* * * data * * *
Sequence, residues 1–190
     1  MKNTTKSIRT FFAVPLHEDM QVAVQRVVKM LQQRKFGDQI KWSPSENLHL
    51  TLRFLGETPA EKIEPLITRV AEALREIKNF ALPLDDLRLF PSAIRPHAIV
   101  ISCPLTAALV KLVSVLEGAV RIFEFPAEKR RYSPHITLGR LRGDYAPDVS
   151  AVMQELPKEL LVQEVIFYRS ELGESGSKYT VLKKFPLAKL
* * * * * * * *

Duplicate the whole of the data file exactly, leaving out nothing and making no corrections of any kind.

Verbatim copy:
Sequence, residues 1–190
     1  MKNTTKSIRT FFAVPLHEDM QVAVQRVVKM LQQRKFGDQI KWSPSENLHL
    51  TLRFLGETPA EKIEPLITRV AEALREIKNF ALPLDDLRLF PSAIRPHAIV
   101  ISCPLTAALV KLVSVLEGAV RIFEFPAEKR RYSPHITLGR LRGDYAPDVS
   151  AVMQELPKEL LVQEVIFYRS ELGESGSKYT VLKKFPLAKL